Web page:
abstract = "Objective: To determine the sensitivity to change and minimal clinically important difference (MCID) for the self-administered Locomotor Capabilities Index-5 (LCI-5) in people with lower limb amputation undergoing prosthetic training. Design: Prospective single-group observational study. Methods: The LCI-5 was administered to 110 patients (69 males [63{\%}]; median [interquartile range] age, 60 [48–69] years) before and after prosthetic training. The external anchor administered after the program was a 7-point Global Rating of Change Scale (GRCS) designed to quantify the effect (improvement or deterioration) of the intervention. Results: Test–retest reliability of the LCI-5 (n = 30) was high (intraclass correlation coefficient [ICC 2,1 ] = 0.92). The minimum detectable change at the 95{\%} confidence level was 5.66 points. After triangulating these results with those of the mean-change approach and receiver operating characteristic (ROC) curve analysis (area under the ROC curve ≥ 0.90), based on a different GRCS score splitting, we identified 2 cutoffs for the LCI-5: a change of 7 points, indicating the MCID, and 12 points, indicating “large improvement” in locomotor capabilities (12.5{\%} and 21.4{\%} of the maximum possible score, respectively). Conclusions: The LCI-5 showed a high ability to detect change over time (responsiveness). The 2 proposed values (MCID of 7 points and large improvement of 12 points), based on a mix of distribution- and anchor-based approaches, represent cutoffs that can accurately identify 2 different levels of true change (as perceived by the patient) in locomotor capability after prosthetic training.",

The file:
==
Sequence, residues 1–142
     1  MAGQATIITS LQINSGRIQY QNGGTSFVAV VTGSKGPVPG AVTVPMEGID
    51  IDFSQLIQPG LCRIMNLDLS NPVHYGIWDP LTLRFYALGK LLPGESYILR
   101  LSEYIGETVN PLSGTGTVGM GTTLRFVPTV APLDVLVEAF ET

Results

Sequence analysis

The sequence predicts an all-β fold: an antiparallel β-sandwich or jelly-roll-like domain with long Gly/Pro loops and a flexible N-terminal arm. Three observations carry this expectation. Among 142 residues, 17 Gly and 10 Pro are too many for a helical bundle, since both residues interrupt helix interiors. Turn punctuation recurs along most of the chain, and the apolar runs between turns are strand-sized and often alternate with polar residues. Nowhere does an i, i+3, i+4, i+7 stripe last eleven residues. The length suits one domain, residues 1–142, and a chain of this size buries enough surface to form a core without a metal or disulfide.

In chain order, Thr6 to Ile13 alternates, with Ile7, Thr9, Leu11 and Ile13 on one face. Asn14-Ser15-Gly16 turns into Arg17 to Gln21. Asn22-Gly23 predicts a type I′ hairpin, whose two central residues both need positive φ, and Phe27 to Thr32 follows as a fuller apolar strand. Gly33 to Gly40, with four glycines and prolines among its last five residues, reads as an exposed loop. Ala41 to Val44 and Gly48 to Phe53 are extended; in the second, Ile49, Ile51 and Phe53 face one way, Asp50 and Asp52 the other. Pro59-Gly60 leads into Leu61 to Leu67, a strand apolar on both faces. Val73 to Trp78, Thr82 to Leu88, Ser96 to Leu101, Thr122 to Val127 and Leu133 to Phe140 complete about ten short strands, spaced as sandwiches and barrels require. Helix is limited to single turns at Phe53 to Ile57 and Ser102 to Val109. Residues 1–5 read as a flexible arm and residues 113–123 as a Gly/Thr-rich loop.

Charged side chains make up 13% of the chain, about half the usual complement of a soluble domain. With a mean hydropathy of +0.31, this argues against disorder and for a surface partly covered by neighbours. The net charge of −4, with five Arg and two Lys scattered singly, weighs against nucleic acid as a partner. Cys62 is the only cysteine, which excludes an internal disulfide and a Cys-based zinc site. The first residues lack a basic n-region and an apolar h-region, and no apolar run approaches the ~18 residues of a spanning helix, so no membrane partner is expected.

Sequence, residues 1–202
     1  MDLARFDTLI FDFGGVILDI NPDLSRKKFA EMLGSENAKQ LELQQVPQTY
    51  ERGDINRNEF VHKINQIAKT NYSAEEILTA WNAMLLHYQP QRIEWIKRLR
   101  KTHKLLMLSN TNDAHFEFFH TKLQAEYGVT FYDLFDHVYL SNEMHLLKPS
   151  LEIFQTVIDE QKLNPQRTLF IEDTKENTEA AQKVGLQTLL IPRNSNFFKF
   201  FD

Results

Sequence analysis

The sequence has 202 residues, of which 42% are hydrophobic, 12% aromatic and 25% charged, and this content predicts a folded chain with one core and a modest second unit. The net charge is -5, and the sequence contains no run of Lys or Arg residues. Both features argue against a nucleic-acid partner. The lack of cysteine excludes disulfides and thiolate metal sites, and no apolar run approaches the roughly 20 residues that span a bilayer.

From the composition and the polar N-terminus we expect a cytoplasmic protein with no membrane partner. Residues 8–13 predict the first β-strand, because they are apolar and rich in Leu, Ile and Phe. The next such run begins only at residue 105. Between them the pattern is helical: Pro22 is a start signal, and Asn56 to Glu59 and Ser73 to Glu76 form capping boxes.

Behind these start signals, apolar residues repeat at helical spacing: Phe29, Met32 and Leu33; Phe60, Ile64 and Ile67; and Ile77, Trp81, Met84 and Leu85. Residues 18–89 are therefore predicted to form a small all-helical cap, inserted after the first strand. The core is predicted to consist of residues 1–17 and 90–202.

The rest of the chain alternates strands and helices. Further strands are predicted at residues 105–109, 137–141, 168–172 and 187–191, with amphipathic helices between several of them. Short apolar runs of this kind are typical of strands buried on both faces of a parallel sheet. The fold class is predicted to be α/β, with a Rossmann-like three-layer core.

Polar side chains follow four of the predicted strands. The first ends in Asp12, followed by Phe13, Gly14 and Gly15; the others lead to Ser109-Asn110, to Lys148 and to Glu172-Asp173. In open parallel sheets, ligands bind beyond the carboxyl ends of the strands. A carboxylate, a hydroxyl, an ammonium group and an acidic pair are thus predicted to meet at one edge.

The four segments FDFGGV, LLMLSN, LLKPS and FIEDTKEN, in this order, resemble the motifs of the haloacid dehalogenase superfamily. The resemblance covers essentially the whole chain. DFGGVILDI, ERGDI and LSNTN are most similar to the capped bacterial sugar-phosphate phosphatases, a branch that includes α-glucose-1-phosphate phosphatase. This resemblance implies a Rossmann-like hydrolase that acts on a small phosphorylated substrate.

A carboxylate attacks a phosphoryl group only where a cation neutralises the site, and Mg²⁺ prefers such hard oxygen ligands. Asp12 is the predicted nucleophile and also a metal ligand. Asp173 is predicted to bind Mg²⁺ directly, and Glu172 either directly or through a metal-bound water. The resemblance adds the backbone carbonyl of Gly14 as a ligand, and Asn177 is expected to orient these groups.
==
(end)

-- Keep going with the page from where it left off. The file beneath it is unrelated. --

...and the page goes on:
keywords = "Leg prosthesis, Lower-limb amputation, Outcome assessment, Prosthetic training, Psychometrics, Rehabilitation",
author = "Franco Franchignoni and Marco Traballesi and Marco Monticone and Andrea Giordano and Stefano Brunelli and Giorgio Ferriero",
year = "2019",
month = "1",
day = "1",
doi = "10.1016/j.rehab.2019.02.004",
language = "English",
journal = "Annals of Physical and Rehabilitation Medicine",
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T1 - Sensitivity to change and minimal clinically important difference of the Locomotor Capabilities Index-5 in people with lower limb amputation undergoing prosthetic training

AU - Franchignoni, Franco

AU - Traballesi, Marco

AU - Monticone, Marco

AU - Giordano, Andrea

AU - Brunelli, Stefano

AU - Ferriero, Giorgio

PY - 2019/1/1

Y1 - 2019/1/1